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The Pledge of Tyr

The Pledge of Tyr painting image

The Pledge of Tyr
by Ulf (2022)

For that which you claim to believe, what would you be willing to sacrifice?

Tyr, the Norse God of War, gave his right hand - his sword hand - so that the terrible Fenris Wolf could be bound.

This thrilling print by ULF captures the brutal moment when Divine blood is spilt as the Fenris Wolf, realizing he is bound fast, crunches down on the War God's right hand.

It is a moment in Norse Mythology that has become a symbol of Self-Sacrifice and Dedication to one's cause.

Further reading...

The Fenris Wolf (Fenrisúlfr in Old Norse) also known as Fenrir, is a monstrous wolf supposedly begat by Loki with the giantess, Angrboða - strangely, of the couple, Loki is the parent who somehow gives birth 'like a woman' to this monster, along with his brother, the midgard Serpent, Jörmungandr. In later stories he also gives birth to a daughter named Hel, the Goddess of Death.
As the Legend goes, the Gods kept Fenrir from the time he was a pup. The Wolf grew and grew until he became too strong for even the Gods, so they decided to tie him up.
They first used a fetter called Loeding, but the Fenris Wolf easily broke free. This gives rise to an Old Norse phrase "to free one's self from Loeding", which means to overcome difficulties.
Next the Gods tried a fetter called Drómi (Old Norse: 'fetter'), but Fenrir also broke free of this one. From this we are given another Old Norse phrase 'to throw off the Dromi' which means the overcoming of severe difficulties.
Finally, the Gods used a fetter called Gleipnir (Old Norse 'open one') - this was made by the dwarves from the sound of a cat walking, the beard of a woman, from the roots of the mountains, the breath of a fish, and the spittle of a bird. In other words, things that do not exist.
The Fenris Wolf sensed that he was being trapped with a magical fetter, so he said that he would only let the Gods tie him up with Gleipnir if Tyr, the God of War, placed his sword hand in the Wolf's mouth.
For the God of War, his sword hand was of incalculable value to him, but he put his hand in the mouth of the beast anyhow - it had to be done. This was Tyr's Pledge. Alas, when Fenrir realized he could not escape from his fetter, he bit down on Tyr's wrist and chewed his hand off. Because of this event, the wrist is still known as the 'úlnliður' or 'wolf joint' in Icelandic.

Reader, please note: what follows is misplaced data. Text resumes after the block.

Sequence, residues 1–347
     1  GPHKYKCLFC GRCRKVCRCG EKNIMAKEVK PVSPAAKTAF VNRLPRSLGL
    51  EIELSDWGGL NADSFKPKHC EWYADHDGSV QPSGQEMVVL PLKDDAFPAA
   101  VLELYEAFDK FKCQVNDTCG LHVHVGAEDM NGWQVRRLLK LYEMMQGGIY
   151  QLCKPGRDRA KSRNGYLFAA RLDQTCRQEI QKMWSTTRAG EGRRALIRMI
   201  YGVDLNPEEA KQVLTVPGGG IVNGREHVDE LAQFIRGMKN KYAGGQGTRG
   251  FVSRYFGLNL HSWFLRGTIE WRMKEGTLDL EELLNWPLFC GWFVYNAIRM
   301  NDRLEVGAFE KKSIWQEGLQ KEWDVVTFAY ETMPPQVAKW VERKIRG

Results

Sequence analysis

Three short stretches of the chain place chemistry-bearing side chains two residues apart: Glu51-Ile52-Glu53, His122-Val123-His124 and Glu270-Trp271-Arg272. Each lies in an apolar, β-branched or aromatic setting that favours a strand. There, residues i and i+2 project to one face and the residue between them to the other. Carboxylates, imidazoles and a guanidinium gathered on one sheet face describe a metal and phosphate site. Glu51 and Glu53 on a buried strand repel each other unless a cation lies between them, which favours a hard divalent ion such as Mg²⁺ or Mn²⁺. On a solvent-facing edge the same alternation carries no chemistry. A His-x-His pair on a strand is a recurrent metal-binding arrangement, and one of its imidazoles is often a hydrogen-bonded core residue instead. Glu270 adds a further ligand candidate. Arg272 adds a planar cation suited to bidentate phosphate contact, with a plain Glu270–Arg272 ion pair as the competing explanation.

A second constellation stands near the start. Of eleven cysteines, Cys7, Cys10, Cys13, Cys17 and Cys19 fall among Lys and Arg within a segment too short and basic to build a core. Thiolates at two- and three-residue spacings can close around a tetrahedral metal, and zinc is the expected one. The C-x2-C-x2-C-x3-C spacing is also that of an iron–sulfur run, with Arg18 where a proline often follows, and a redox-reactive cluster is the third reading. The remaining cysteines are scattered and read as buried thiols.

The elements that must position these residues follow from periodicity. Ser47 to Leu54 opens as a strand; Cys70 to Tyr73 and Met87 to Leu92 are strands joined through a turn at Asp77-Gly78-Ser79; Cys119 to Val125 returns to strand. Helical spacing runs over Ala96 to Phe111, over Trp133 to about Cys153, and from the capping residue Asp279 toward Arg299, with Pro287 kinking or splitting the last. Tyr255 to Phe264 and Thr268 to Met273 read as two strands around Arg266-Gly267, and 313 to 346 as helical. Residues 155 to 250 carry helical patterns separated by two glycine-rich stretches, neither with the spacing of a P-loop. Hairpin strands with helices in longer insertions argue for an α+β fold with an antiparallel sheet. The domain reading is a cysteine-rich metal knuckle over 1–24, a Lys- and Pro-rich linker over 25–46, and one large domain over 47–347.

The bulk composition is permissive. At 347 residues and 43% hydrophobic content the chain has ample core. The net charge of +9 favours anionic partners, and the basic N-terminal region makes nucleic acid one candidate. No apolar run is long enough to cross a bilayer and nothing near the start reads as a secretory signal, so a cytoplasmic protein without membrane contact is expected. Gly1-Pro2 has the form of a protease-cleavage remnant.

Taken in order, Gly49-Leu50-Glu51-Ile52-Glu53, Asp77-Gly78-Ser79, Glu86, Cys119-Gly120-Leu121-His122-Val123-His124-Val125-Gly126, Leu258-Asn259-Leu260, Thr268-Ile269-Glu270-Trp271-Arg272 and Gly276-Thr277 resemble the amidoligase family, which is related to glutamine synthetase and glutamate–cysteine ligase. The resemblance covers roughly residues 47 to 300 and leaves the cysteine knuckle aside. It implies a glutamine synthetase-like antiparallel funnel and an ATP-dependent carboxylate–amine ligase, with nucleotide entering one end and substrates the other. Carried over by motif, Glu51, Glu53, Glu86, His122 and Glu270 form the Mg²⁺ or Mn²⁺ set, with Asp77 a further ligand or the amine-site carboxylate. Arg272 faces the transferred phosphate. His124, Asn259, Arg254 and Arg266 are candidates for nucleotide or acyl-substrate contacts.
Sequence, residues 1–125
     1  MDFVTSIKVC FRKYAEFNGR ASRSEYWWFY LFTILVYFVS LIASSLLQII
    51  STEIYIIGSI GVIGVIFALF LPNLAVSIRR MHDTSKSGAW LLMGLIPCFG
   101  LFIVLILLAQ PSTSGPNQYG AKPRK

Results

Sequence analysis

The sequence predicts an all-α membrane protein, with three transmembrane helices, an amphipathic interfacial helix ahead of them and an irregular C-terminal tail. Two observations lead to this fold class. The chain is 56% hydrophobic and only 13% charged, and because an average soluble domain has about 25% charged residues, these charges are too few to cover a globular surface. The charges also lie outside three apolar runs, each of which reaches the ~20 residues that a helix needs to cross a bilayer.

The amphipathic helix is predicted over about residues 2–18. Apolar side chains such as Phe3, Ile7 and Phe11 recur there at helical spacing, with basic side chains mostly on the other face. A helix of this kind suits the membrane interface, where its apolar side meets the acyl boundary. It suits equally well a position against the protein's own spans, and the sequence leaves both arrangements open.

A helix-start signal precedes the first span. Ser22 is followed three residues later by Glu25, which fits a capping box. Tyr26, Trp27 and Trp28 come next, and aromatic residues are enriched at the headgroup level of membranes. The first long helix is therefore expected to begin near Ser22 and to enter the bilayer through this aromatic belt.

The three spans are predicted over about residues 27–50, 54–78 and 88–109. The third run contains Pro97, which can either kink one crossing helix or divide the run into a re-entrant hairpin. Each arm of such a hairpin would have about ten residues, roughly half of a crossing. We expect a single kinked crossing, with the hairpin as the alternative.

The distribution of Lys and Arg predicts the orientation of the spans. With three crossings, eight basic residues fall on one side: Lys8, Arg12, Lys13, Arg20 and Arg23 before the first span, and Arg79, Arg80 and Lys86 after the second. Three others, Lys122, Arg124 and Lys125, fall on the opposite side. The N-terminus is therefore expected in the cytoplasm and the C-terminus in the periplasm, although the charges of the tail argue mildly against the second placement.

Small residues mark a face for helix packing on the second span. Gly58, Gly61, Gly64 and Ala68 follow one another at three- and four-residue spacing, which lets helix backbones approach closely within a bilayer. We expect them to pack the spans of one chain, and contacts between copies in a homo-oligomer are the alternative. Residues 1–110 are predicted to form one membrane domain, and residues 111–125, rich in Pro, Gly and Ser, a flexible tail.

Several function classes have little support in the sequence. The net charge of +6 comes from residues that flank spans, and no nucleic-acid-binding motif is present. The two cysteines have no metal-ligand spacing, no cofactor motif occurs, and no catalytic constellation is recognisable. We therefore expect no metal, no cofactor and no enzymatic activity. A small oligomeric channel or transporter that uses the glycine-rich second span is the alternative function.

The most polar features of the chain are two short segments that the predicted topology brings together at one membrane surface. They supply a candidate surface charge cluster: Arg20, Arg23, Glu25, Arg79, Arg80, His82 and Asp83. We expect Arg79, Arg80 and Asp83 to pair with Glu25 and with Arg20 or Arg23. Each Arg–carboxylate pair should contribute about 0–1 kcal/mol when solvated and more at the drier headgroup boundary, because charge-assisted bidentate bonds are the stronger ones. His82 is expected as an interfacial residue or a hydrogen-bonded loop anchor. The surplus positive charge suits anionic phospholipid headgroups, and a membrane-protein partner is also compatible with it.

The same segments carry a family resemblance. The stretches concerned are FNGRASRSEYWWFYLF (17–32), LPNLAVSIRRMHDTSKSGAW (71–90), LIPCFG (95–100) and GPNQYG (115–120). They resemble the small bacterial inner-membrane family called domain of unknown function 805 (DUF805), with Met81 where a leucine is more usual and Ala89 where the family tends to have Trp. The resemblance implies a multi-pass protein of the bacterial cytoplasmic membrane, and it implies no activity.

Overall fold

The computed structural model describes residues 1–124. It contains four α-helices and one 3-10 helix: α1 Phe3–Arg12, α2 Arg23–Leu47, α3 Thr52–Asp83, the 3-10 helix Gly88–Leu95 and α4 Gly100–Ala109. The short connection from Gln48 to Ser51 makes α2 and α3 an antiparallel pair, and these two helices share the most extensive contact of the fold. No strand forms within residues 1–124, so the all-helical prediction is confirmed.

The Fenris wolf was bound on the isle of Lyngvi in Lake Ámsvartnir - the fetter fastened with a chain called Gelgja (ON 'post','fetter') to the stone slab known as Gjöll (Old Norse: 'loud noise') which they hit into the earth using the stone Thviti (Old Norse: 'hitter', 'batterer'). A sword was then placed in the Fenris wolfs mouth to prop his jaws open. As he howled the foam ran from his mouth and formed the river Van or Von (which possibly means 'hope' in Old Norse)
It is said that the Fenris wolf will break free at Ragnarok ('the twilight of the Gods').
There is some confusion as to what role Fenrir will play at Ragnarok: in some accounts he fights and/or devours Odin, in other accounts Tyr fights a wolf named Garmr, who is believed to be Fenrir. According to Snorri Sturlusson, in one instance two wolves, Skoll and Hati, pursue the Sun and the Moon respectively. In another instance two wolves are said by Snorri to devour the sun and the moon, one of these wolves is called Managarmr ('moon-eater').
Despite this confusion, however, it is most likely that these different names of seemingly different wolves are all one in the same wolf - Fenrir.



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